California gas prices have shot up about $1 a gallon in the last month as oil refineries have been idled by a labor strike and an explosion.
That's made gasoline much more expensive here than anywhere else in the nation — an average of $3.44 for a gallon of regular as of 7 a.m. Wednesday, according to price-tracker GasBuddy.com. Hawaii is the only other state with an average price above $3 a gallon.
Drivers in Los Angeles are paying an average of $3.54 a gallon to fuel up, more than any of the other 443 metropolitan areas tracked by GasBuddy.
Most of the increase came last week, including when the local price surged 14.3 cents Friday from Thursday in the second-largest jump since GasBuddy began keeping track seven years ago. For the week that ended Monday, West Coast gas prices jumped a record 37.2 cents a gallon, according to the U.S. Energy Information Administration.
Part of the increase is driven by factors that always make California gas more expensive, such environmental controls on the types of fuels sold here, including the annual switch to a cleaner-burning summer blend.
But the upswing largely reflects stoppages at oil refineries that account for some 17% of the state's production capacity.
In early February, Tesoro Corp. decided to idle processing at its Martinez plant amid a nationwide strike at 15 oil and chemical refineries. Half the San Francisco Bay Area facility, which can handle 166,000 barrels of crude oil daily, had already been undergoing planned maintenance.
But California gas prices didn't jump until an explosion at Exxon Mobil Corp.'s refinery in Torrance on Feb. 18. The blast sent ash into the air and caused minor injuries to four contractors.
The facility processes an average of 155,000 barrels a day and produces 1.8 billion gallons of gasoline a year — contributing as much as 20% of Southern California's supply. Damage from the explosion has halted gasoline production in affected units at the facility. Exxon Mobil declined to say when it expects the facility to be fully operational.
The government's energy agency said that the statewide market could take weeks to readjust to the sudden loss of production.
The resulting squeeze on supply means more profit for oil companies, according to Santa Monica-based Consumer Watchdog. The activist group has called for Tesoro and Exxon Mobil executives to be subpoenaed by legislators to explain “price gouging.”
“Angelenos are feeling the brunt of a statewide crisis — California oil refiners' stranglehold on supply that gives them free rein to manipulate the market and spike prices even as crude prices remain low,” said Liza Tucker, the group's consumer advocate.
The state Senate's Energy, Utilities and Communications Committee and Environmental Quality Committee will hold a joint hearing Thursday night in Torrance to address safety issues surrounding the Exxon Mobil explosion. Later this month, the energy committee will pair with the Senate Transportation Committee to conduct a hearing about the incident's effect on fuel pricing.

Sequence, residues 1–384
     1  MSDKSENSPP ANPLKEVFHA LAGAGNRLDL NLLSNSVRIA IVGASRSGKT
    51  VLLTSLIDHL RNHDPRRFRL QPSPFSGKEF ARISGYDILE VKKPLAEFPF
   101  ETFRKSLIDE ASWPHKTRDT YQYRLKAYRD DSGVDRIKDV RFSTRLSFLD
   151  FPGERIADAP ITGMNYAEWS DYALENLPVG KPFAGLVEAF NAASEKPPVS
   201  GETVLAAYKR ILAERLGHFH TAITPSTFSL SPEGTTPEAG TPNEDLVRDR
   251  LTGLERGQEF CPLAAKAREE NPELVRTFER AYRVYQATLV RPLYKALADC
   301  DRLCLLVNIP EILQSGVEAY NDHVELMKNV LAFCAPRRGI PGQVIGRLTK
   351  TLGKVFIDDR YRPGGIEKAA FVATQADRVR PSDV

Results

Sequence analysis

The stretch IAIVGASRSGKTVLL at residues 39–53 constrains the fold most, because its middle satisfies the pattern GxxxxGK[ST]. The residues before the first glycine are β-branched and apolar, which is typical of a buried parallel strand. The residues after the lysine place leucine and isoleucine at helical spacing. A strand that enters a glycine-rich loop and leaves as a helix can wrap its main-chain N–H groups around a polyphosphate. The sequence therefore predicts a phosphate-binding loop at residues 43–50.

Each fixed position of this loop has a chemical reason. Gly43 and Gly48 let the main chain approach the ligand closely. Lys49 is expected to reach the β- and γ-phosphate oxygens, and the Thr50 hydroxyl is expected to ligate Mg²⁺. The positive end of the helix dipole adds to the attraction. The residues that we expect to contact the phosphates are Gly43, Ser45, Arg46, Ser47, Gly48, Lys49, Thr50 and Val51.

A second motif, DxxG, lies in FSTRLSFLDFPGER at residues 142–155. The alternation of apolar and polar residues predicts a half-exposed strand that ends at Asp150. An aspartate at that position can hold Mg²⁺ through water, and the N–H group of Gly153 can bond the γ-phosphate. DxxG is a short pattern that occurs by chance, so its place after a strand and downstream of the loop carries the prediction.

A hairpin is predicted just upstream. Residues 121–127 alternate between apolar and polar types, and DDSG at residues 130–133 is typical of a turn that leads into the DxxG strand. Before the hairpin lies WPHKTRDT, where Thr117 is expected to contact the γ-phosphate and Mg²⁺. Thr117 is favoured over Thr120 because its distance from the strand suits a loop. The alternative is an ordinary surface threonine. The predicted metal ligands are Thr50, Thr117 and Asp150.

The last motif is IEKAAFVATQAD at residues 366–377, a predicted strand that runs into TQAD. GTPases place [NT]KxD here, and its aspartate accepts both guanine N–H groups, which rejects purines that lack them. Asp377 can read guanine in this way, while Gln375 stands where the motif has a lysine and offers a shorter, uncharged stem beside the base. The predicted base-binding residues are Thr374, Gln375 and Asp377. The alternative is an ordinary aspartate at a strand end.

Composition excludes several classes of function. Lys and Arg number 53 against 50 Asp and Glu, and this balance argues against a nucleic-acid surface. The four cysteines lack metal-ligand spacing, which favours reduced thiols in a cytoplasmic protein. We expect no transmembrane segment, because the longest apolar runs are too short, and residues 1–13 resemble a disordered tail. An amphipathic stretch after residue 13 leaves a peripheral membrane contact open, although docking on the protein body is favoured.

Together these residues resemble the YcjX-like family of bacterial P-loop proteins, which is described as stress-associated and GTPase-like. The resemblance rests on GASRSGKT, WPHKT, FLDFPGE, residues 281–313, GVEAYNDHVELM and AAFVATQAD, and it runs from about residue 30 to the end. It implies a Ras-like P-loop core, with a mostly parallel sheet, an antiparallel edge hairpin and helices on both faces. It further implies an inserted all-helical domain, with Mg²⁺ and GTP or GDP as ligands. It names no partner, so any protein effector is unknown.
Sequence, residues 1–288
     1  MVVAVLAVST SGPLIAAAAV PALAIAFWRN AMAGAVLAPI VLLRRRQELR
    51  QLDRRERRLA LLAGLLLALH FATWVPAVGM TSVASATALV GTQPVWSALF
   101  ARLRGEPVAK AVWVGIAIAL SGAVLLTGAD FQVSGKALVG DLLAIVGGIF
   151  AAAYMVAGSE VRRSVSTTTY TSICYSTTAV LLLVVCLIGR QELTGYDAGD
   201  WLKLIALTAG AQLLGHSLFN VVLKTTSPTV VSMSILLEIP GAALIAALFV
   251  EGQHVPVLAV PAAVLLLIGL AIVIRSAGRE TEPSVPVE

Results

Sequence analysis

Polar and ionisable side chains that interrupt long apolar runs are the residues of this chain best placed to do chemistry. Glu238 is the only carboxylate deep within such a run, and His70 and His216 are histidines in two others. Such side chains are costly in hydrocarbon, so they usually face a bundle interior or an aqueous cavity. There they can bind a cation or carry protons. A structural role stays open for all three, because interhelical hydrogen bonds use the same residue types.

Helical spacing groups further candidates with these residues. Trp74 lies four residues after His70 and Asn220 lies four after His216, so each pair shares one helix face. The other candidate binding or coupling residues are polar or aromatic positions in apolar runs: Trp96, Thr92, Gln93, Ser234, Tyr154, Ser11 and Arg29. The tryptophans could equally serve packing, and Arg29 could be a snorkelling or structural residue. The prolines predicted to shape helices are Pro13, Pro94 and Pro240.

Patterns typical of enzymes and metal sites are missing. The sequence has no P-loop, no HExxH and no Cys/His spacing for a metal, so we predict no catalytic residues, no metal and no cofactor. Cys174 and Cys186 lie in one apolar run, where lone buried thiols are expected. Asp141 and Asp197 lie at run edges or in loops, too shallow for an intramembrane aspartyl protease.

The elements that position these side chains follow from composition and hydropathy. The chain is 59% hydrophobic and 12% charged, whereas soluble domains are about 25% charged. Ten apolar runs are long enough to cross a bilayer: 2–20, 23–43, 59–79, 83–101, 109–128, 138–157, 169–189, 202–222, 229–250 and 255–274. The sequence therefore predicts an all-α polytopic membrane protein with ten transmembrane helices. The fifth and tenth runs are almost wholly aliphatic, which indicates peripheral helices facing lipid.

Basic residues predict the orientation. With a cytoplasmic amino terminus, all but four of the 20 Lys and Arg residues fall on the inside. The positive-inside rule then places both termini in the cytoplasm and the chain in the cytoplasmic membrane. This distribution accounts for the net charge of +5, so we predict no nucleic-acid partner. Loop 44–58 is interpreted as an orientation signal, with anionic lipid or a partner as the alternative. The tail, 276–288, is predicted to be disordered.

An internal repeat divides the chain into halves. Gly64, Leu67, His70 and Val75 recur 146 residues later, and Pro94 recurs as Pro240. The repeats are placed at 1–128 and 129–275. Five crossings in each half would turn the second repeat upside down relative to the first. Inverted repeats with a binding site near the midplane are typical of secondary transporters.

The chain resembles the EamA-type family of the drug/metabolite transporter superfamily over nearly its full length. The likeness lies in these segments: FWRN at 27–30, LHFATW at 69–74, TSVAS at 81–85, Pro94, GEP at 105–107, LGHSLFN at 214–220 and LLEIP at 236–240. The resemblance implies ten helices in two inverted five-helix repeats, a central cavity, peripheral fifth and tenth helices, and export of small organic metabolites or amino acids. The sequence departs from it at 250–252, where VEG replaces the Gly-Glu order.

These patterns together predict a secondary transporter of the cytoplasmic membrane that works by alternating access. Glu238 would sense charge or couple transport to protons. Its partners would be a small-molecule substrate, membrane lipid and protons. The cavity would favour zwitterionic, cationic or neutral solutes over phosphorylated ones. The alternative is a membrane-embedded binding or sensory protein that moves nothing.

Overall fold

“The market was freaking out when the explosion happened,” GasBuddy analyst Allison Mac said.
California doesn't import much gasoline because environmental regulations allow only specific types. Gasoline prices are often too volatile for foreign exporters to want to ship the fuel into California, according to the California Energy Commission.
Gasoline inventory in California tends to run low in the late winter and early spring months, when fuel demand is low. Consumer Watchdog said California refineries keep just 10 days' worth of gasoline supply on hand, compared with the national average of 24 days.
During the period, some of the state's 20 major refineries slow or shut down for maintenance and to transition to the cleaner-burning summer blends from the cheaper, less-pure winter blends. (The switch happens nationwide, but much earlier in California — by April 1 — because of the state's warmer weather.)
Gasoline prices probably will continue rising through the end of March or into early next month, analysts said. But as the market shakes off the shock of the Torrance explosion, price increases are already slowing to a few cents a day.
That's largely because crude oil prices remain low because of a global glut, which sent prices plunging this summer.. After sinking below $50 a barrel in January, Brent crude settled Tuesday up 2.5% at $61.02 a barrel.
The government said crude oil inventories for this time of year are at their highest level in at least 80 years.
Despite the recent upswing, the price of a gallon of regular in California is still more than 40 cents lower than it was a year earlier. Before the refinery troubles began, California drivers were enjoying the lowest gas prices in six years, according to the Automobile Club of Southern California.
The all-too-brief period of affordable gasoline makes the recent price jumps all the more irritating, club spokeswoman Marie Montgomery said.
“It's not pleasant,” Montgomery said. “We were hoping the low oil prices would keep the low gas prices around for a while.”